Due Process and Crime control model
The due process and the crime control model perspectives of criminal justice have been in use for since the 1960s (Edkins & Royal, 2011). These perspectives have been in contrast to each other with either having its strengths and weaknesses. The due process promotes an individual’s right to life, property and liberty and that these provisions cannot be denied without proper legal procedures. On the other hand, crime control model is a crime regression method that highly depends on the investigative ability of law enforcement officers to predict the likelihood of a suspect being guilty.
The due process model perceives suspects as being innocent until proven guilty in a court of law. On the other hand, the crime control presumes suspects as guilty. According to Edkins and Royal (2011), the due process promotes that police powers should be limited to avoid oppression of the public while the crime control model promotes expansion of police powers to enable them to investigate, search, arrest and convict. In the due process, a person is not found guilty by facts but also, legal procedures need to be followed by the government during the finding of the facts. On the contrary, the crime control model requires discovery of the relevant facts to consider a person guilty.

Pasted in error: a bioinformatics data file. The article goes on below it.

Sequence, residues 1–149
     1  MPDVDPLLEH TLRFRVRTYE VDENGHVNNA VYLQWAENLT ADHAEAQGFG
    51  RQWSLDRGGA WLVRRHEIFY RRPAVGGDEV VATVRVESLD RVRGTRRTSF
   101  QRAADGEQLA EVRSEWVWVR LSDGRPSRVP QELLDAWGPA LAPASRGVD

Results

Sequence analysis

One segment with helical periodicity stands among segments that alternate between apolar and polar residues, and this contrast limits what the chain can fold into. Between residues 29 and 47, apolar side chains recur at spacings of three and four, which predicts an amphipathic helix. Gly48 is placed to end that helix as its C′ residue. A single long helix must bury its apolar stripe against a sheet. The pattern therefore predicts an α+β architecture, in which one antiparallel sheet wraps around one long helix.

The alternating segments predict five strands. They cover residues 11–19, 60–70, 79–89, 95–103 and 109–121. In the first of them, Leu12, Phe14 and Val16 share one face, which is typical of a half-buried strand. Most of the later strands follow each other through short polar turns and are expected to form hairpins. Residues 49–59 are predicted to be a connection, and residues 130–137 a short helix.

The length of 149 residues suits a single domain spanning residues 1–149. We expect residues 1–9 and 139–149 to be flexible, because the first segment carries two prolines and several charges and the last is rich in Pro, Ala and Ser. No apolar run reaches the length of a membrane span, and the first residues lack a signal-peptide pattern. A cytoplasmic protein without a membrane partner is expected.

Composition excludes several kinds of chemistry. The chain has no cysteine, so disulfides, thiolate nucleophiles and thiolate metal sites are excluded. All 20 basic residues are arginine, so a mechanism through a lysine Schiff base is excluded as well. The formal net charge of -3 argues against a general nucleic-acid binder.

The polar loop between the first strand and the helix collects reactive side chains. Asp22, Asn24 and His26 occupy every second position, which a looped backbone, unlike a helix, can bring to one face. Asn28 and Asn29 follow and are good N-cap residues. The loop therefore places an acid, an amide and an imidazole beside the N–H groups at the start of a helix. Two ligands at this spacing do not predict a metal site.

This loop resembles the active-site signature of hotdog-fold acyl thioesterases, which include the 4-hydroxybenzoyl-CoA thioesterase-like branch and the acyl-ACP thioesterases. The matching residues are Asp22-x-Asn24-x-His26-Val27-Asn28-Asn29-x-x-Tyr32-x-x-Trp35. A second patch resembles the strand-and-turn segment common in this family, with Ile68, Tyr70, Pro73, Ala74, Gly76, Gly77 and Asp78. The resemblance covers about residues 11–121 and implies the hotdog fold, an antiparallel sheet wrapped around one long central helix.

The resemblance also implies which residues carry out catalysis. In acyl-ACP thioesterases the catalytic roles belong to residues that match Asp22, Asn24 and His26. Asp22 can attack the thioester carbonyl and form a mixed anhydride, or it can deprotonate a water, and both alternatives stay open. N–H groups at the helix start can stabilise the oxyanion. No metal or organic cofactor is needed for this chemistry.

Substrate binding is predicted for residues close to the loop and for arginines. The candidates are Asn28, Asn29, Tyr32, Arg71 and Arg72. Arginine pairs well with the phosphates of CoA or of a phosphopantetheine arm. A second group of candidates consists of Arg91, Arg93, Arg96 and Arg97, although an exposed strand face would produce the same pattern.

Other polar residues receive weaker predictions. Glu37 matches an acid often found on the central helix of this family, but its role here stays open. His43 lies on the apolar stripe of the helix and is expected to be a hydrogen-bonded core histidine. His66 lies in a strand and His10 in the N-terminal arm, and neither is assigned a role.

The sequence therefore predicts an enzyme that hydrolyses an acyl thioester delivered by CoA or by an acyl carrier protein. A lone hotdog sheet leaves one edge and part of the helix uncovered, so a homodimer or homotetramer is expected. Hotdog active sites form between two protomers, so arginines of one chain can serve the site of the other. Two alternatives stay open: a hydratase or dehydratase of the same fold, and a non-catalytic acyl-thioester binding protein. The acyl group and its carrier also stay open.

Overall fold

The due process and the crime control models are however similar as they both seek to curb criminal activities. I suppose that the due process should be used in criminal justice system as it upholds an individual’s right and also gives them the chance to defend themselves.
Edkins, V. A., & Royal, K. D. (2011). Evaluating the Due Process and Crime Control Perspectives Using Rasch Measurement Analysis. Journal of MultiDisciplinary Evaluation, 7(16), 48-65.